This project seeks to identify key gene regulatory, signaling, and response networks that underlie beneficial plasticity in plant root development and shoot meristem activity mediated by the symbiosis with Arbuscular Mycorrhizal Fungi (AMF), particularly under water deficit conditions. The project assesses how AMF influences root architecture and meristematic development under low water availability. The specific aims are to (1) Develop inducible i-INTACT and i-TRAP to capture epigenome to translatome dynamics in the subset of cells responding to distinct AMF elicitors or developing arbuscules; (2) Initiate a high-resolution survey of AMF and water deficit interactions from the organ to the cellular level in the greenhouse; and (3) Pursue education and broader impact activities. This includes (i) prompt dissemination of genetic material, genomic data, protocols, software, and workshop materials; (ii) annual instruction of methods in courses, workshops and undergraduate teaching labs; and (iii) hands-on training of undergraduate and high school students in plant genomics research. Mentoring is tailored to each institution’s community, targeting underrepresented groups. The project also develops teaching materials to enhance the 3rd grade Next Generation Science Standard curricula through instruction on plant parts at the microscopic level, empowering youths with an appreciation of plants and the importance of plant research to humankind.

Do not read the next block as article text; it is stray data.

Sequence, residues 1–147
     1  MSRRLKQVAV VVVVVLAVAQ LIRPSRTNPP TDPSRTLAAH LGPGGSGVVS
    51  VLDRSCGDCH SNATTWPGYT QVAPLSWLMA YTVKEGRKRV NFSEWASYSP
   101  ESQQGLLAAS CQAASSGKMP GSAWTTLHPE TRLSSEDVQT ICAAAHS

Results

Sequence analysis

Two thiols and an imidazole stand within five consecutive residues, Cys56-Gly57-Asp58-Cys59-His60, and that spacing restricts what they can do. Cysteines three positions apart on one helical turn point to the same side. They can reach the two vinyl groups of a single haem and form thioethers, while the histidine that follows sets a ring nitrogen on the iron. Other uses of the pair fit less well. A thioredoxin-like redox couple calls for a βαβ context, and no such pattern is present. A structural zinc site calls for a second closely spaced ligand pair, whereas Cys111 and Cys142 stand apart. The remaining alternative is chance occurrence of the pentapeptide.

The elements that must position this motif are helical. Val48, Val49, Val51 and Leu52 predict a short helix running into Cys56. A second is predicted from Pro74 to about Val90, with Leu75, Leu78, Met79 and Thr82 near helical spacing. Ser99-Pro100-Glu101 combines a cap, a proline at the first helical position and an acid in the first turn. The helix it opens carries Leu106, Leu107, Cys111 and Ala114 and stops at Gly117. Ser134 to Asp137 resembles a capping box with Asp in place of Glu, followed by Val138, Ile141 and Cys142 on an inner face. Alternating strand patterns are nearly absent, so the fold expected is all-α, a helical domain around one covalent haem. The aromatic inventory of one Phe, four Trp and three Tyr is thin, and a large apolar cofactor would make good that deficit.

p35S-INTACT in tomato hairy roots

Integrative analysis of plasticity in cell fate determination in plants